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Adaptation and Sustainability in a Small Arctic Community: Results of an Agent-Based Simulation Model

Gary Kofinas, Matthew Berman, Craig Nicolson, Joe Tetlichi, and Stephanie Martin
Created: 5/04/2004 - Updated: 11/06/2018


Climate warming and resource development could alter key Arctic ecosystem functions that support fish and wildlife resources harvested by local indigenous communities. A different set of global forces—government policies and tourism markets—increasingly directs local cash economies that communities use to support subsistence activities. Agent-based computational models (ABMs) contribute to an integrated assessment of community sustainability by simulating how people interact with each other and adapt to changing economic and environmental conditions. Relying on research and local knowledge to provide rules and parameters for individual and collective decision making, our ABM generates hypothetical social histories as adaptations to scenario-driven changes in environmental and economic conditions. The model generates projections for wage employment, cash income, subsistence harvests, and demographic change over four decades based on a set of user-defined scenarios for climate change, subsistence resources, development, and government spending. Model outcomes assess how scenarios associated with economic and climate change might affect the local economy, resource harvests, and the well-being of residents for the Western Arctic Canadian community of Old Crow, Yukon. The economic and demographic outcomes suggest implications for less quantifiable social and cultural changes. The model can serve as a discussion tool for a fuller exploration of community sustainability and adaptation issues.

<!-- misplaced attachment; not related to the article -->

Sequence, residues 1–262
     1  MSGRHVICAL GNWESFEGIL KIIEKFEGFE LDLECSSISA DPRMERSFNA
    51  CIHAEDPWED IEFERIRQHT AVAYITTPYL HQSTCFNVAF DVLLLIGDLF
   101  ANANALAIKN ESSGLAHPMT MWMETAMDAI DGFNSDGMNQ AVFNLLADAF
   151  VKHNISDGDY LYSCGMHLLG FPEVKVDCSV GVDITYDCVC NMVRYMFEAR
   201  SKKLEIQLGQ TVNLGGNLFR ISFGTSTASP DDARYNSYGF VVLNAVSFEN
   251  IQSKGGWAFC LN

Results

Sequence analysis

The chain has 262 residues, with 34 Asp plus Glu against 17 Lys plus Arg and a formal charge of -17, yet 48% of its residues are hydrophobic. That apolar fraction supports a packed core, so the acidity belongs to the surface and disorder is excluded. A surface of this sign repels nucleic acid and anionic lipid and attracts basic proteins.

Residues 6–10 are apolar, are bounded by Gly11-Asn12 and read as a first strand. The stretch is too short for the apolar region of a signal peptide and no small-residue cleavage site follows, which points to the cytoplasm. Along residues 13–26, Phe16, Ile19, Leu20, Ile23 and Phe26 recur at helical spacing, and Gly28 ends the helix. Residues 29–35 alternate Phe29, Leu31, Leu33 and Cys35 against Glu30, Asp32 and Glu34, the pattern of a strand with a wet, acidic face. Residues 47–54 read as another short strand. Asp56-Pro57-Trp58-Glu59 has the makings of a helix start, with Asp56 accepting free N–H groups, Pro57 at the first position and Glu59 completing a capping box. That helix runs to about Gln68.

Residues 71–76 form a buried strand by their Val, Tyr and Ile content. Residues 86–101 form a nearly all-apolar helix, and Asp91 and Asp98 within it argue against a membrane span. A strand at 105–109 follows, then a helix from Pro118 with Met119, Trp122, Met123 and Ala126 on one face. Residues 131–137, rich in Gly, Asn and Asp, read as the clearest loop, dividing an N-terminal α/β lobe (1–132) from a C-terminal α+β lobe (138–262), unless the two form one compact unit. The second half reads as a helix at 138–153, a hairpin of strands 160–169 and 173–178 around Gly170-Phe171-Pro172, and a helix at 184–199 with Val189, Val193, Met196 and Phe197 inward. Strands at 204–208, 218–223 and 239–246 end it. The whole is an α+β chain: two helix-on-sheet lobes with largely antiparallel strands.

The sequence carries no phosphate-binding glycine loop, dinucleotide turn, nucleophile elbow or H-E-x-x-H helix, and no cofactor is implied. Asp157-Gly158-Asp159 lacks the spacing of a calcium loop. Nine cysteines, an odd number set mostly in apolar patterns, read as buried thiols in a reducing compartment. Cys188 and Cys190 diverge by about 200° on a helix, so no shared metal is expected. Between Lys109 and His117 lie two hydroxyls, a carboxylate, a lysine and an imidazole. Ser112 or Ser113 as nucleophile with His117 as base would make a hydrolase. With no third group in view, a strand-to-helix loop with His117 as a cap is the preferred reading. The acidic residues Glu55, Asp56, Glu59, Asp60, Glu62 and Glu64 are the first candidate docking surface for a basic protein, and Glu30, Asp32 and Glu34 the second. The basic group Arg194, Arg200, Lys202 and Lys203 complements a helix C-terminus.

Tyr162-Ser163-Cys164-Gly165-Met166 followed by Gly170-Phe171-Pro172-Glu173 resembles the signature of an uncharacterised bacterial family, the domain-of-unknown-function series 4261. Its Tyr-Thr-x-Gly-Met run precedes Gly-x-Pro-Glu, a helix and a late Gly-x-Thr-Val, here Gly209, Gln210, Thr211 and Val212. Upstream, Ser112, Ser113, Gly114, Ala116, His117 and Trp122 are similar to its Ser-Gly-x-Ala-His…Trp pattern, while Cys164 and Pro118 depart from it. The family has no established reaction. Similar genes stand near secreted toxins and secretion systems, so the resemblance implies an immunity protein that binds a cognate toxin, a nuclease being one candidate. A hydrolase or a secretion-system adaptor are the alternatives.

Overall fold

Published On

Wednesday, May 5, 2004


Community / Local
Regional / Subnational
Sector Addressed: 
Conservation / Restoration
Target Climate Changes and Impacts: 
Culture / communities
Fishery harvest
Type of Adaptation Action/Strategy: 
Natural Resource Management / Conservation
Capacity Building
Infrastructure, Planning, and Development
Community Planning (developing climate-smart communities)
Governance and Policy
Maintain adequate financial resources for adaptation
Taxonomic Focus: 
Climate Type: